Ruby performance testing tips and tricks


This post comes to us from our friends and partners at thoughtbot, a leading provider of Ruby on Rails based web application development and training services. Many thanks to Jason Morrison, Matt Jankowski, Dan Croak and Nick Quaranto from the thoughtbot team for pulling this together.

Use em_proxy to load-test code changes

By Jason Morrison

Running a high-traffic site with little room for downtime could make deploying large changes daunting. What if your new code has a large impact on performance?

We’ve been in this situation several times with Hoptoad as we make large changes and improvements to the codebase. Things like changing databases, upgrading major versions of Rails, and adding queueing can have unpredictable effects on performance. Little things can have a big effect, too, when most of your traffic is focused in one write-heavy API endpoint.

We’ve boosted our confidence in rolling out these changes by performance testing ahead of time. We’ve tried a variety of synthetic load testing approaches, but the most realistic way to do this is by using real traffic.

We use Ilya Grigorik’s em-proxy to fork traffic in real time from our production environment to a load testing environment which is identical save for the new code. (See the duplex. rb example in em-proxy). We use Engine Yard’s “Clone Environment” feature to make a reasonably up-to-date copy of production, and we use a Chef recipe to toggle em-proxy on and off. We use New Relic RPM to keep an eye on performance, and make sure that the load testing environment performance is acceptable. Once we’ve run a few hours to a day’s worth of traffic, we’ll shut down the load testing environment, and deploy the change live.

Automatic cucumber step generation with factory girl

By Dan Croak

Did you know that Factory Girl includes some steps for your integration testing pleasure? They are currently available but remain relatively unknown.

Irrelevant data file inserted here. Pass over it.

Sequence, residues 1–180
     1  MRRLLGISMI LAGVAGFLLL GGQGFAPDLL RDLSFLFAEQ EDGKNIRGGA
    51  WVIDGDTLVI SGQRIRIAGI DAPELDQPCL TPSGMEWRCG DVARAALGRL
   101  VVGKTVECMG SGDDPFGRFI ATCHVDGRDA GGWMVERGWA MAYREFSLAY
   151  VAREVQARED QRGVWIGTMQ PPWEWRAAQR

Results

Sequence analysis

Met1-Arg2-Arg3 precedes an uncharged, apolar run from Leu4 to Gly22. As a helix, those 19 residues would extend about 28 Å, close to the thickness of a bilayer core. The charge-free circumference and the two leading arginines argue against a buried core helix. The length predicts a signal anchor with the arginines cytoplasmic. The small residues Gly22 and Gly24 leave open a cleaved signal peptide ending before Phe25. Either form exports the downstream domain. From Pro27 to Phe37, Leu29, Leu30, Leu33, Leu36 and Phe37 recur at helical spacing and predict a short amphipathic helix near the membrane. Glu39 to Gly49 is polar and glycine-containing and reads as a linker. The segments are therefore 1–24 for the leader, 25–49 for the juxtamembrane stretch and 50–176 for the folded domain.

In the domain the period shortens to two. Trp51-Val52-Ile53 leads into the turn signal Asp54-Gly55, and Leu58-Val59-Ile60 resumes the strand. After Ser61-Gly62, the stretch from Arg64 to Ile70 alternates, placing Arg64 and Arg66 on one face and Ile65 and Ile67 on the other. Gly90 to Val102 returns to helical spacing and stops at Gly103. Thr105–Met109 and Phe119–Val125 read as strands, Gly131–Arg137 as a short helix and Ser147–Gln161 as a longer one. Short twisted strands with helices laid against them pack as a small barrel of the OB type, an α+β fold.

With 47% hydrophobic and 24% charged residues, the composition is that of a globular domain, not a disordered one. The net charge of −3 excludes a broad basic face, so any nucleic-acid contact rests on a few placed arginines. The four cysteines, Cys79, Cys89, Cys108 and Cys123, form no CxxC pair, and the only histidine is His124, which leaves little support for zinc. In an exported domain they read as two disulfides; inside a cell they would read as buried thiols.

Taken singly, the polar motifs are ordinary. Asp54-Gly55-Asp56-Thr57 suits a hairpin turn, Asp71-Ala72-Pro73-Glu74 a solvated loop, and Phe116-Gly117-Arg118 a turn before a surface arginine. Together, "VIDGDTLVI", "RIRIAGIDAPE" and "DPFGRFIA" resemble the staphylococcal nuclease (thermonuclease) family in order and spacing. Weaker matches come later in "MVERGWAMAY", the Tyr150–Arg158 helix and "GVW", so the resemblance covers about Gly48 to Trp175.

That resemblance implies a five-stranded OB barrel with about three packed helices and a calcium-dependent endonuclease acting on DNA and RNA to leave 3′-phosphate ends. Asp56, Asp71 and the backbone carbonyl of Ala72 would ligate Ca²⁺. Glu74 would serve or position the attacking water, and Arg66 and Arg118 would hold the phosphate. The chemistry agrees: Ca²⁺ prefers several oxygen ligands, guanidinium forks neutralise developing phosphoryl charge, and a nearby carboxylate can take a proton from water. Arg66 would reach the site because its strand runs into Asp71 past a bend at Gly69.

Let’s assume you’ve defined your factories normally in test/factories. rb or spec/factories. rb:

Factory. define :user do |user|
user. email { Factory. next(:email) }
user. password { “password” }
user. password_confirmation { “password” }
End

Factory. define :author, :parent => :user do |author|
author. after_create { |a| Factory(:article, :author => a) }

/> End

Factory. define :recruiter, :parent => :user do |recruiter|
recruiter. is_recruiter { true }
End
Once those are in place, and assuming you’ve otherwise loaded factory girl correctly, add this to features/support/env. rb:

Require ‘factory_girl/step_definitions’
Then, write Cucumber features using the simple “create record” step:

Given a user exists
…or the “create record & set one attribute” step:

Given an author exists with an email of “author@example. com”
…or the “create record & set multiple attributes” step:

Given the following recruiter exists:
| email | phone number | employer name |
| bill@example. com | 1234567890 | thoughtbot |
These steps will be available for all your factories, so stop writing boilerplate steps and shake what Factory Girl gave you.

(Testbot * Fog) + Hudson = Faster Tests!

By Nick Quaranto

Test suites can get slow, even when running on one high powered machine. So why not spin up EC2 instances and distribute the tests?

This is made really easy with testbot, a distributed test runner. It works like so:

A requester kicks off the process, asking for tests to be run



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Ruby performance testing tips and tricks